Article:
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GERD Causes

GERD causes are not always apparent, though generally the condition stems from a problem with a muscle situated at the bottom of your esophagus where it meets the stomach. This muscle is the lower esophageal sphincter (LES). The LES may be considered like a gate - it opens to let food into your stomach, and it closes to prevent any acid washing back up into your esophagus.

For people with GERD the LES has become weakened, allowing stomach acid to pass back into the esophagus, which is how GERD causes the symptoms of heartburn.

Other GERD causes may include:

  • an increased pressure on your stomach
  • your stomach takes longer than normal to dispose of stomach acid.

There are a number of risk factors which are known to increase your likelihood of developing GERD. These are:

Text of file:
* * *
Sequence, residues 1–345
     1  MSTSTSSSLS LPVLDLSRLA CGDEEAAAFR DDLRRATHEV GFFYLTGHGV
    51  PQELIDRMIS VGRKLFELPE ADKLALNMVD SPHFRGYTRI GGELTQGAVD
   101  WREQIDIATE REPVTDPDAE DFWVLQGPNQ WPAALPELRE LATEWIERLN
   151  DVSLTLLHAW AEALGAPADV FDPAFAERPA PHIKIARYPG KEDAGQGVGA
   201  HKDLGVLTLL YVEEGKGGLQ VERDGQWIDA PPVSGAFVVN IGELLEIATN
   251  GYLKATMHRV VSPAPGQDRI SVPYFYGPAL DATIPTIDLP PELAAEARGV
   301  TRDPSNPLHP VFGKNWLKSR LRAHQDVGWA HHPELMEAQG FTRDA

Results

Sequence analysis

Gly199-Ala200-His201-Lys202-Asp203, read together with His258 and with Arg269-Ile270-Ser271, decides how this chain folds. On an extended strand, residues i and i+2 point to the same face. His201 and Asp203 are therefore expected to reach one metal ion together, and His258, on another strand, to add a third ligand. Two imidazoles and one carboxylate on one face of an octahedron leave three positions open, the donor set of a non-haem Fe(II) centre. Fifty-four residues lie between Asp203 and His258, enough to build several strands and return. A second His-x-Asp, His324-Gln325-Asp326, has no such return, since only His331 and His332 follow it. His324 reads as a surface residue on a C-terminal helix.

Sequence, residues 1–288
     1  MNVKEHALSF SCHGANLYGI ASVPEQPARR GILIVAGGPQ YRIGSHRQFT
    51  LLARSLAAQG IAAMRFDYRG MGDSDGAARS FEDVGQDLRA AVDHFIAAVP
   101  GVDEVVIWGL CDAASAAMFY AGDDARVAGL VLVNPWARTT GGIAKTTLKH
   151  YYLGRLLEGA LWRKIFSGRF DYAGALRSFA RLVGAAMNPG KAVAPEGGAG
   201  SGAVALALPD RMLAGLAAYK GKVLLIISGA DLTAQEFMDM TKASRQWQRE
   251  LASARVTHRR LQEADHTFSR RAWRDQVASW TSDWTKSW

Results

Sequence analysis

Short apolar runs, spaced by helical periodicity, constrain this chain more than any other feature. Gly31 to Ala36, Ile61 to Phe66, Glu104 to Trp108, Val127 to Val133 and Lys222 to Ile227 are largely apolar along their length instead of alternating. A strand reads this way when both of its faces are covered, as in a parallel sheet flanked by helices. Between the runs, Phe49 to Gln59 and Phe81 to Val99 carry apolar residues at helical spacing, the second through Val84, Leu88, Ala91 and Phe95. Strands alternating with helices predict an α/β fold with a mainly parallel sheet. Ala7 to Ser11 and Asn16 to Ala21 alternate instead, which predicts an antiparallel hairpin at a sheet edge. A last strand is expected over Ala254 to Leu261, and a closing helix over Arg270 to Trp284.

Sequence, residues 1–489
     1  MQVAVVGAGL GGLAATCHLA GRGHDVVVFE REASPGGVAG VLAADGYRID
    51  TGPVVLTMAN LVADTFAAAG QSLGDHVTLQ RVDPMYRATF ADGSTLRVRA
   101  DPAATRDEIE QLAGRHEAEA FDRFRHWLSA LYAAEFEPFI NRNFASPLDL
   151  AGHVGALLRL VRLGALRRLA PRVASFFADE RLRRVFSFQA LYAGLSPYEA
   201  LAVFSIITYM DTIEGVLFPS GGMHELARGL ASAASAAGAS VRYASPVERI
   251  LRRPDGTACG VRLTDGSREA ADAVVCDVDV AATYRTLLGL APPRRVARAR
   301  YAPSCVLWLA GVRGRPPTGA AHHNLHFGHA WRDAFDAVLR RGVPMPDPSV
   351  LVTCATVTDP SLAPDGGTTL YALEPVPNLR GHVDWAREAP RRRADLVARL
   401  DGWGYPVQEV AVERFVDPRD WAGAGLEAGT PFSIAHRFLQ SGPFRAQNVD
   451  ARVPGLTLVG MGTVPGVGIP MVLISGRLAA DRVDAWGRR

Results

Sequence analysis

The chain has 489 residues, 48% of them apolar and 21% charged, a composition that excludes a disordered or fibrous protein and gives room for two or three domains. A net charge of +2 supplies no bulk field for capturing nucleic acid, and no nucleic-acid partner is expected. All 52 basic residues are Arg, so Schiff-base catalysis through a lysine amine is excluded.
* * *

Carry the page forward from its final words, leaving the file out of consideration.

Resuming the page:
• Being overweight.
  • A diet that is too high in fatty foods - the stomach takes longer to dispose of stomach acids after digesting a fatty meal.
  • Using tobacco, alcohol, coffee, or chocolate - it has been suggested that these four substances can relax the LES.
  • Medications, such as calcium-channel blockers, benzodiazepines, and anticholinergics, are also known to relax the lower esophageal sphincter.
  • Pregnancy- the changes in hormone levels that occur during pregnancy can weaken the LES, and it can also increase the pressure on your stomach.
  • Hiatal hernia - hiatal hernia is where part of your stomach pushes up through your diaphragm (a muscle that is used for breathing.)
  • Stress.

We can see then that GERD causes may seem varied but the underlying physical condition is a mechanical problem with the LES.

GERD Causes - References

By Mortin - Copyright 2010
Last modification 05/02/2010